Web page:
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Law enforcement agencies get money to record interrogations

November 08, 2009|By BRIDGET DiCOSMO

WASHINGTON COUNTY -- Some local law enforcement agencies say they try to make audio recordings of their interrogations with suspects accused of serious crimes when possible, even though they currently are not required to do so.

Now, grants from the Maryland Governor's Office of Crime Control and Prevention will fund the purchase of digital audiovisual recording equipment for six law enforcement agencies in the state, including the Washington County Sheriff's Department, the Hagerstown Police Department and Maryland State Police.

This equipment will be used to set up special rooms where investigators can create digital audio and video recordings of their interactions with suspects, said Crime Control and Prevention Director Kristen Mahoney.

Establishing the technological capabilities for law enforcement agencies to record these types of interviews has been a priority of the Maryland General Assembly since it adopted a public policy in 2008 that states police should make such recordings in connection with serious crimes whenever possible, Mahoney said.

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"It's to their benefit if they can get a confession on video -- a picture is worth a thousand words," Mahoney said.

Six counties in Maryland already have the audiovisual recording equipment in place in their interview rooms.

The standard practice of most police departments in Maryland involves making some type of recording of interviews they conduct with suspects in serious criminal cases, but in the past, it has been left up to their discretion whether to do so, Mahoney said.

The criminal justice system remains somewhat split on the issue of recording such interviews, Mahoney said.

"Defense attorneys always want to see every contact with law enforcement recorded, but police often have good reasons for not doing so," Mahoney said.

For example, a suspect might choose to make an admission of guilt to an officer somewhere other than the police department, and recording equipment might not be available at the time, Mahoney said.

Washington County Deputy State's Attorney Steven Kessell said that although his office encourages police to record all interviews when it is "appropriate and convenient to do so," it opposes the idea of making the practice mandatory.

"Sometimes it's not practical," Kessell said.

The Washington County Sheriff's Department does make audio recordings of suspect interviews in certain cases, but will update its audiovisual equipment with the help of the Crime Control and Prevention grant, said Lt. Mark Knight.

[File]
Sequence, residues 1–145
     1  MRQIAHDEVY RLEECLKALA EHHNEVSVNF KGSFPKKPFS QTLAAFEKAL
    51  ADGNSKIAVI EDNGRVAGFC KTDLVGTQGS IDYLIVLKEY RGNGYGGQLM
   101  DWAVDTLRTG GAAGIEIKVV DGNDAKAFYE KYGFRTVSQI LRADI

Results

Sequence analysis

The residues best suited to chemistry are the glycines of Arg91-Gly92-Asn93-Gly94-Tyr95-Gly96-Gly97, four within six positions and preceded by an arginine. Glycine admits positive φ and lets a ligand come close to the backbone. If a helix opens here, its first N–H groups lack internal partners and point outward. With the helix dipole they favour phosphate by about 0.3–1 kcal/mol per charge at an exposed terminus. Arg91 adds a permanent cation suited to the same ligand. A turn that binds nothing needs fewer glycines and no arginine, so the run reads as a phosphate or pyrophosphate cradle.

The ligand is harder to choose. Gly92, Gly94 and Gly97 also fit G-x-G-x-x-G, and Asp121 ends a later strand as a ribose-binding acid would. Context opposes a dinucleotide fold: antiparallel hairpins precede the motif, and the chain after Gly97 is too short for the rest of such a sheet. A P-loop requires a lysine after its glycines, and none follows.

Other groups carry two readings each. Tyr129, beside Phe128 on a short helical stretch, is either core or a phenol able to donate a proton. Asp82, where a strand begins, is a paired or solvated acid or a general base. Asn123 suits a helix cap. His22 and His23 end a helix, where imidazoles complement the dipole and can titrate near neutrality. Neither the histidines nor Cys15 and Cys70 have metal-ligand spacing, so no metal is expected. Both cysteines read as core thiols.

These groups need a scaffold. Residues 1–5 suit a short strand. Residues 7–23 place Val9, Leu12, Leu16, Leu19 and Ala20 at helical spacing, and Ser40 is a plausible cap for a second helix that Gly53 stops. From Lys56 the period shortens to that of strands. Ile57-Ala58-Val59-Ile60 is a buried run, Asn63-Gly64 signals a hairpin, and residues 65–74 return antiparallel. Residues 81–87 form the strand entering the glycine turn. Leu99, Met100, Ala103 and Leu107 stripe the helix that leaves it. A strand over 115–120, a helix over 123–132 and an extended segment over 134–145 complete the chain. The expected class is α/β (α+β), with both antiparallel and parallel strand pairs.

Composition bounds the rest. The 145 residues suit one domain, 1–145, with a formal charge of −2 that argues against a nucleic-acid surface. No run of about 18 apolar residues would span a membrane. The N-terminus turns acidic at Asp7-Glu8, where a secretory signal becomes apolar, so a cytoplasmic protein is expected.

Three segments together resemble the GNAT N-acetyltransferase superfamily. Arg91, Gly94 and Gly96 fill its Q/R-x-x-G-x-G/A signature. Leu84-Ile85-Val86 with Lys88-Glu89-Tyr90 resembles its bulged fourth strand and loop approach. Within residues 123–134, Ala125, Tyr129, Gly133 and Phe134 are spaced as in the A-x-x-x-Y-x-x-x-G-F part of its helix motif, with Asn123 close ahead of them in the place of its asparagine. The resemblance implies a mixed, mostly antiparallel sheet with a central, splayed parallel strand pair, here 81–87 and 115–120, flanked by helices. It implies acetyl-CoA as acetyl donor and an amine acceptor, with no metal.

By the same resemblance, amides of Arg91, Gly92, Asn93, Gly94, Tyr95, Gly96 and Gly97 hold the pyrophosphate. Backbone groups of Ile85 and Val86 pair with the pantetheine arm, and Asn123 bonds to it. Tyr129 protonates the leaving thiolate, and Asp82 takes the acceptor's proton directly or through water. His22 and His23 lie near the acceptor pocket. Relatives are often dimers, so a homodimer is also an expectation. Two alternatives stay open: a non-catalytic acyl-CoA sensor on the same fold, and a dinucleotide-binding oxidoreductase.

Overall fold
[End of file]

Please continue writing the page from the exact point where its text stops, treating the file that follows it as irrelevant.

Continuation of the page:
Because there is no legislative requirement to record, Knight said that the deputy handling a case decides whether to use an audio recorder to document an interview with a suspect.

Maryland is one of 12 states with a law or policy involving suspect interview recording, according to an extensive study on the subject by Northwestern University School of Law professor Thomas P. Sullivan.

Maryland's public policy doesn't make the recordings mandatory, but dictates that agencies should make "reasonable efforts" to record the proceedings when interviewing suspects believed to have committed crimes such as murder, rape, and first- or second-degree sexual offenses.

While the policy legislation and grants from Crime Control and Prevention represent considerable progress, the practice of recording suspect interviews in their entirety should be mandatory, said Cindy Boershma, legislative director of the American Civil Liberties Union of Maryland.

The cost of not recording police interviews with suspects can be high, in some cases leading to cases of "false confessions," those in which an innocent person may be coerced into admitting to a crime they didn't commit, Boershma said.

The Hagerstown Police Department has used audio recorders to document interviews of those suspected in serious felony cases for years, but now will be able to use digital video equipment as well, Sgt. Paul Kifer said.

Because Maryland law requires that both parties whose voices are being recorded give consent, a suspect must agree to have the interview recorded with audio equipment.

In instances where the suspect refuses to be recorded, police must revert to taking notes to document the interaction.

Kifer said because recording interviews provides a clear and indisputable record of what went on during the interrogation, doing so can prevent issues from arising in court later.

"That way, there's no way someone can say we said something or didn't say something. It's their words, it isn't our words," Kifer said.

Recording interviews also gives officers an accurate way of referencing specific points in a conversation after an interview ends, as well as a means of reviewing a suspect's responses during the questioning, said Lt. Shawn Martyak, commander of the criminal investigations division at the Frederick (Md.) Police Department.

"We can lock people into their statements and they can't recant that statement later," Martyak said.

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